The Rake

The shape of things to come

“It takes nine tailors to make a man,” said the Elizabethan writer John Heywood. Well, Mr. Heywood, we have news for you. These days, we think it takes only seven. And not the seven you’d necessarily expect.

You see, we men, we simple creatures, can be depressingly narrow minded. If I say to you, “Oh, my tailor’s very good, you know”, I’m willing to bet that nine times out of 10 your mind will jump to a figure of a greying, pinstripe-clad, round-bellied man with a pair of well-worn shears in his hand. But that’s a gross misconception now. In reality, tailoring in London and beyond is thriving in the hands of a young generation comprising as many forward-thinking, creative women as it is men.

Savile Row, in particular, has done excellent work in attracting and fostering talent in both genders in recent years, with its apprenticeship schemes and close links to Newham College, in east London, and the London College of Fashion. In fact, the majority of this portfolio is made up of remarkably talented women who started on tailoring courses or Savile Row apprenticeships a few years ago.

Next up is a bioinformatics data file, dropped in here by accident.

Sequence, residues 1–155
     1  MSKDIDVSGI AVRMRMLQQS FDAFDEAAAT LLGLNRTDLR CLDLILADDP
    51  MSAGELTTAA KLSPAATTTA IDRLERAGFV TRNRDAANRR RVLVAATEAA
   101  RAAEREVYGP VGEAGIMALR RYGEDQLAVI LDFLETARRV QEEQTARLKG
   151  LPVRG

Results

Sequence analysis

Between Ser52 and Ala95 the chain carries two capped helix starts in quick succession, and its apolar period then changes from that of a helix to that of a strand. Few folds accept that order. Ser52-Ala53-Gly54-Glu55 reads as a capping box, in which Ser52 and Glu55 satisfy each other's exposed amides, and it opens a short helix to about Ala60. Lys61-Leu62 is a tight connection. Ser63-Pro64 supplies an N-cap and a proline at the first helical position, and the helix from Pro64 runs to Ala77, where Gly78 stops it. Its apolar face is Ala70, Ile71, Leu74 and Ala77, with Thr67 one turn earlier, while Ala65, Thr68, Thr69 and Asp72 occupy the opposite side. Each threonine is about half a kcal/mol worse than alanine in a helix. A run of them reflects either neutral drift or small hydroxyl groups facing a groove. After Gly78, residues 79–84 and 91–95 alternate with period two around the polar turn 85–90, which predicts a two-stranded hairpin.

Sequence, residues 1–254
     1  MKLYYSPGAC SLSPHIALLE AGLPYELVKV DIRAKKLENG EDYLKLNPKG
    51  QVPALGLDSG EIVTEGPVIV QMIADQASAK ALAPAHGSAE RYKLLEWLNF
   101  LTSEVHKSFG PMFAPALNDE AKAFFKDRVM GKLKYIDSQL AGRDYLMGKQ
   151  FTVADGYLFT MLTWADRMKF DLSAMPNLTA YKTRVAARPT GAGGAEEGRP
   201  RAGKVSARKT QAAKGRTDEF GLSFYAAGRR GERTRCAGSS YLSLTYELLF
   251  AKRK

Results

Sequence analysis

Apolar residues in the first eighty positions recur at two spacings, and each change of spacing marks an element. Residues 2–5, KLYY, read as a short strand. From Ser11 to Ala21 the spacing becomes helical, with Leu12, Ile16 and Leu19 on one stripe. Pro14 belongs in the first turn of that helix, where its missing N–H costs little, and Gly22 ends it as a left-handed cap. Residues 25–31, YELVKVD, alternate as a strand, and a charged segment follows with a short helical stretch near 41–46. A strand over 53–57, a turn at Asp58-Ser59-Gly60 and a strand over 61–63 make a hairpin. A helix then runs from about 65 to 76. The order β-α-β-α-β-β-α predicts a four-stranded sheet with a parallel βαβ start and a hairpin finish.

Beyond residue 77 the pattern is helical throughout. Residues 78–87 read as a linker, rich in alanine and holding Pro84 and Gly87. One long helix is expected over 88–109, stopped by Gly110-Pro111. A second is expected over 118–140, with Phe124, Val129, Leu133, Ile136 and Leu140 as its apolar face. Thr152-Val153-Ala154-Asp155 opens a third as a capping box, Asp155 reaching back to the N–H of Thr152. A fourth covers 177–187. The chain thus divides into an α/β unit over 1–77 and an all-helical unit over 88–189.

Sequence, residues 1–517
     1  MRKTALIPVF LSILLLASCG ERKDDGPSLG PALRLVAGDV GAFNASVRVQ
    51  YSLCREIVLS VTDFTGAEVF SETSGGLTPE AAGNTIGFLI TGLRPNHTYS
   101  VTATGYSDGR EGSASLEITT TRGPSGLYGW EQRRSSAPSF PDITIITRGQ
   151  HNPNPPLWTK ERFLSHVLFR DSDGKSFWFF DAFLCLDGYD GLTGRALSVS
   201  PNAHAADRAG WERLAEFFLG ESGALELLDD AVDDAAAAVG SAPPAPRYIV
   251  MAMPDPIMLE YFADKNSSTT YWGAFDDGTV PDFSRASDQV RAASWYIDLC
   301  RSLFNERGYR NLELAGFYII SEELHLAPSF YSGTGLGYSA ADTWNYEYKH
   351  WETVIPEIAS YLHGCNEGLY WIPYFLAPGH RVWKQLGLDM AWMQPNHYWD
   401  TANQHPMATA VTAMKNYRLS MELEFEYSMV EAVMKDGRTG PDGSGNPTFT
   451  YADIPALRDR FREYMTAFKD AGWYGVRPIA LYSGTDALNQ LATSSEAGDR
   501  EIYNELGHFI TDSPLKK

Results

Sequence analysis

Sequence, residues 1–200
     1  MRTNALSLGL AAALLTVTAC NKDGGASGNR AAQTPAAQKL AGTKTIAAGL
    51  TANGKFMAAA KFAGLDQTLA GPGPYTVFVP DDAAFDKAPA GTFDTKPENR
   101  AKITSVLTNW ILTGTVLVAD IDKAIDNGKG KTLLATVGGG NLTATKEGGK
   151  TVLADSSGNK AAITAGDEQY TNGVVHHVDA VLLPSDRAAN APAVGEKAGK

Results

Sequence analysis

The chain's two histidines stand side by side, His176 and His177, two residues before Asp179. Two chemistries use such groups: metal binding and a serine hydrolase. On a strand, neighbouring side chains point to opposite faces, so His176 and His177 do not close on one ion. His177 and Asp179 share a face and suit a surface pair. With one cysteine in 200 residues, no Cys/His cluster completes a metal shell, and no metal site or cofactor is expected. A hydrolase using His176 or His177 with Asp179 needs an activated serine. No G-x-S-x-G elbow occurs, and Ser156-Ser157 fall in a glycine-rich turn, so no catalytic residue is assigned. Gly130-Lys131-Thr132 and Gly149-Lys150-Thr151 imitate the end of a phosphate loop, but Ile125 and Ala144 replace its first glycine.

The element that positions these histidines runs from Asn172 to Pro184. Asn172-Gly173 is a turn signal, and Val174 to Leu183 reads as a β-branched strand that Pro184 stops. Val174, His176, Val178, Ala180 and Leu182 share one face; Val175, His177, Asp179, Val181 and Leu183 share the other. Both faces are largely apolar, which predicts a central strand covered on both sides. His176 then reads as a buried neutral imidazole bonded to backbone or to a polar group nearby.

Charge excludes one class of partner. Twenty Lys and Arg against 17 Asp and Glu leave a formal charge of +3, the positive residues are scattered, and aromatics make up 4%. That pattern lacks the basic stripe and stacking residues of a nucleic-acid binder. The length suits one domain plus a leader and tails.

We’re also keen to point out that this snapshot of seven brilliant women is merely a sample of the great female talent in tailoring (and in menswear generally, for that matter). We think you should know about these seven because they’re young and making waves, but credit should likewise go to those women who paved the way in a traditional industry, and to the dozens of other brilliant cutters, tailors, entrepreneurs and creatives working in tailoring today. We salute you all!

Special mention should also go to Kathryn Sargent, the first female head cutter in Savile Row’s history, and the Row’s first female master tailor. Anda Rowland, too, deserves plaudits for steering Anderson & Sheppard through both smooth and stormy seas for years: she was one of the first female business owners in bespoke tailoring, and

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